Writing a western set in the 1870s, Paul K. Brown invites readers on a ride with The Llano Kid, the first of the Llano Kid Adventures. Half Cherokee and half Irish, Llano was orphaned when he was twelve.  On Llano’s path to young adulthood, Brown recounts various encounters with drunks, bullies, thieves, and gunmen who seem to prefer bravado or mob mentality without any notion for getting the facts.  Now nineteen and seasoned by these experiences, Llano is looking for a place to find honest work and to hang his hat. However, he will have to navigate the harsh code of the West and theRead More →

Dark, gruesome, and captivating, The Keeper of Night by Kylie Lee Baker is Book One in a planned duology. In this first installment, Baker writes the story of an angry biracial girl—Ren Scarborough—who is trying to find out where she belongs. This feeling of being half and not whole, as well as the label foreigner haunts Ren, following her from London, England, where she serves as a Reaper, to Japan where Ren was born a Shinigami. In both roles, Ren, who is a descendent of darkness—made not of flesh and blood but of Death and Time—works for Death. This servitude is supposed to be sacred,Read More →

With the twentieth anniversary of 9/11 having recently been commemorated, we all might wonder whether we have progressed as a nation in the last two decades. We might ask ourselves if we treat others better today than we did in the days and months after the attacks. Because today’s school age youth were not yet alive in 2001, they may wonder why September 11 carries the motto, Never Forget. They may wonder why history is so important.  Saadia Faruqi’s novel Yusuf Azeem Is Not a Hero will guide middle grade readers to understand these complicated questions with their layered answers. Readers will learn that historyRead More →

Because of her parents’ arguing at home, racist comments and insensitivity from classmates at school, stress induced anxiety, and the typical horrors of high school, Quinn Jackson keeps a journal filled with lists.  A coping mechanism of sorts, her lists serve to calm her mind, provide a sense of focus, and give her a foundation.  She also lists her goals and dreams, her fears and worries.  Her journal contains her feelings when she doesn’t know how to express them out loud. When her journal turns up missing and she instead has a red-covered spiral that belongs to Carter Bennett, Quinn determines that Carter must haveRead More →

Known as the lonely girl who writes computer code, sixteen-year-old Xia Chan is offered a once in a lifetime opportunity to participate in an incubator program for gifted young programmers. As a young tech prodigy, Xia has developed a predictive outcomes application (app) she calls Wiser. Because of this technology, she has been targeted by the Foundry, an institute run by Lars Lang in Silicon Valley. Only twenty youth are accepted for this all-expense paid experience. For one year, they live on campus in the San Francisco Bay area and compete to be that year’s Founder. Whoever wins will receive “one million dollars in seedRead More →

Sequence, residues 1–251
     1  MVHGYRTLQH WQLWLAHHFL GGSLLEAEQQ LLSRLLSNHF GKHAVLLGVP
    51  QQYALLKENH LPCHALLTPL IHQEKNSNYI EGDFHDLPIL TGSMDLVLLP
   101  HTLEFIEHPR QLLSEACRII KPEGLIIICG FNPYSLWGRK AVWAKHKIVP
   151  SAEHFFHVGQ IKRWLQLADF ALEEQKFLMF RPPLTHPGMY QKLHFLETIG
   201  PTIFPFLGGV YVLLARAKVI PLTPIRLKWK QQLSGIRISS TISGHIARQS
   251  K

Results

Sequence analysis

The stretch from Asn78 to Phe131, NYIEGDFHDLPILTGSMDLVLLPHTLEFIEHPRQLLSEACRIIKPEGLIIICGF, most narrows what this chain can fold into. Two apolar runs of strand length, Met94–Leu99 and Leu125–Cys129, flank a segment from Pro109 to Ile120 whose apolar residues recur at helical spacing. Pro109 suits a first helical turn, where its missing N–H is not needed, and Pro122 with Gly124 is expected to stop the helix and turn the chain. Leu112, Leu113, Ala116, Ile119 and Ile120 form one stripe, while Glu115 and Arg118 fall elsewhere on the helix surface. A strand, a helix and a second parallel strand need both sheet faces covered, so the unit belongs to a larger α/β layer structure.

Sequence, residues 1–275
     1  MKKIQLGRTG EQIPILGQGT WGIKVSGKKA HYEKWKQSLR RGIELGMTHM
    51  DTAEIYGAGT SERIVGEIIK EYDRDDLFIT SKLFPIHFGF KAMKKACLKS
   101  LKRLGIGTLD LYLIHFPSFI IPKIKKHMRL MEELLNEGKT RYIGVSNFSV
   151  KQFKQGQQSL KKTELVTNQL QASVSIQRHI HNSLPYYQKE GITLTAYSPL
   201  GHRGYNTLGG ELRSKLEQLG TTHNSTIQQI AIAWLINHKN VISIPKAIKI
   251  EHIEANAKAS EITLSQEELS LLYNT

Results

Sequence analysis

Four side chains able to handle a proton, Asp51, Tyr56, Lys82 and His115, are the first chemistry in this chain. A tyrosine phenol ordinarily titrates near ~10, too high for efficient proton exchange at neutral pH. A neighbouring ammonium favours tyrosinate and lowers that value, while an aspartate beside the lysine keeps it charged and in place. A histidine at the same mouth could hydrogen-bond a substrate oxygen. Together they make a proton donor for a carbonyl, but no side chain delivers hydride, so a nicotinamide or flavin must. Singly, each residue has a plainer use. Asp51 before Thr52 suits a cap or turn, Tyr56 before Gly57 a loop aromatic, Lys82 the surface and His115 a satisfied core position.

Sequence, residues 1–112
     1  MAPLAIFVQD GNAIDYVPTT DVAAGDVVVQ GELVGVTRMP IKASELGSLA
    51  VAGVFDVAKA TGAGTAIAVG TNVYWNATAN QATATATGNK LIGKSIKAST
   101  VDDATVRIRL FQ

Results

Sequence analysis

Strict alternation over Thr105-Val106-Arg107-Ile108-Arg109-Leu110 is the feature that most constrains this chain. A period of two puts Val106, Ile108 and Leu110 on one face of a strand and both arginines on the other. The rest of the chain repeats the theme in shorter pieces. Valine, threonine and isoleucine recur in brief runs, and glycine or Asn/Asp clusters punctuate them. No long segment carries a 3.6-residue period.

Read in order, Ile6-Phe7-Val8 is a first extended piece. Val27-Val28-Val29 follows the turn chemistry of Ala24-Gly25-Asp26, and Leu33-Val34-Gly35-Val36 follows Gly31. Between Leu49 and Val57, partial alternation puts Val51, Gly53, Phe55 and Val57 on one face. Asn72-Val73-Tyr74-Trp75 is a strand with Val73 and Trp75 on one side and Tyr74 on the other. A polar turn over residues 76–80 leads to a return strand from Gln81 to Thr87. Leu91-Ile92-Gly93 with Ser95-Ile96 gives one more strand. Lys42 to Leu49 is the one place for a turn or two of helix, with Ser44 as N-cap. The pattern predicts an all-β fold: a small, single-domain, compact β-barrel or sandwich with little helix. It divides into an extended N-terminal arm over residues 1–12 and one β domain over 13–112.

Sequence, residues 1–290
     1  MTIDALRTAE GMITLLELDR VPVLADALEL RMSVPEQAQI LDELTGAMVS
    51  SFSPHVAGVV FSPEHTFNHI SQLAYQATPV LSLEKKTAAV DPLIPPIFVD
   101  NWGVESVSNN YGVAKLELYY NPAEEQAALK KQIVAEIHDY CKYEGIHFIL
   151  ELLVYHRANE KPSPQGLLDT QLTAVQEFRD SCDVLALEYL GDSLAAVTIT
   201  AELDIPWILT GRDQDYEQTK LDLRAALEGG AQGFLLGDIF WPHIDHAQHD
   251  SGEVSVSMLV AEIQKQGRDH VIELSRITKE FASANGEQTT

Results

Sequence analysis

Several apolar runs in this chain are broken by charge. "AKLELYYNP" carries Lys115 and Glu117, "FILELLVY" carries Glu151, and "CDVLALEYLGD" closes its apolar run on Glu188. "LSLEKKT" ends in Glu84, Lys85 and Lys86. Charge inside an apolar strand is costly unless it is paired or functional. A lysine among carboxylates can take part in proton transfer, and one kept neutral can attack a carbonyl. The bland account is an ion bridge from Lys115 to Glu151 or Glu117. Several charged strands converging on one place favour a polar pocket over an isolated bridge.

Secondhand Dogs by Carolyn Crimi is a book about dogs and humans. Eleven-year-old Quinn has lost his dad to a heart attack and his dog Murph to a vehicle accident, and now he’s losing his brother Jessie to a pack of bullies. Craving love and attention, Quinn accepts a job with Miss Lottie, who has created a family of dogs she is giving another chance. Quinn develops into a good belly rubber and an excellent chin scratcher, beloved by the pack of rescue dogs. When the story opens, four dogs comprise the pack. With his strength and courage, Tank is loyal and trusty—a true bulldogRead More →

Nina Hamza’s debut novel, Ahmed Aziz’s Epic Year is an epic read. Weaving elements of three classic middle grade books: Holes by Louis Sachar, Bridge to Terabithia by Katherine Paterson, and From the Mixed-Up Files of Mrs. Basil E. Frankweiler by E. L. Konigsburg, Hamza shares some important perspectives with her readers. Ahmed’s father needs a liver transplant, a medical situation that precipitates the need to move from Hawaii to Minnesota. Initially, Ahmed’s dominant emotion is anger. That shifts to confusion for the twelve year old skinny brown boy with curly hair. As a Muslim of Indian descent, Ahmed struggles to find his place inRead More →

Better with Butter by Victoria Piontek takes on the topic of mental health awareness. Her novel features twelve-year-old Marvel McKenna who lives with an anxiety disorder. When she’s not thinking of global, world-ending tragedies, Marvel is thinking of small “me-centric concerns.”  In fact, her insides feel like a forest with “one worry pollinating another” (70). Targeting middle school readers, Piontek’s storyline opens the dialogue about mental challenges. Through Marvel, young readers will come to know that pep talks don’t magic someone back to health, nor can anxiety be teased or bullied out of a person either.  What people with such a condition need most isRead More →

Sixth grader Bea Embers is a bright, competitive, and strong-willed girl. She and her mother have always been a team of two, but their quiet mornings eating Corn Pops and sharing the ritual of their “three things they’re grateful for, big or small” come to an abrupt end when Mom gets pregnant and decides to marry Wendell Valentine, who has three sons: Cameron, Tucker, and Bryce and multiple pets. Her mother’s marriage also means moving away from Aunt Tam with whom they share a wall in their condominium in Vermont.  It further means not living in the same neighborhood as Maximilian, Bea’s best friend whoRead More →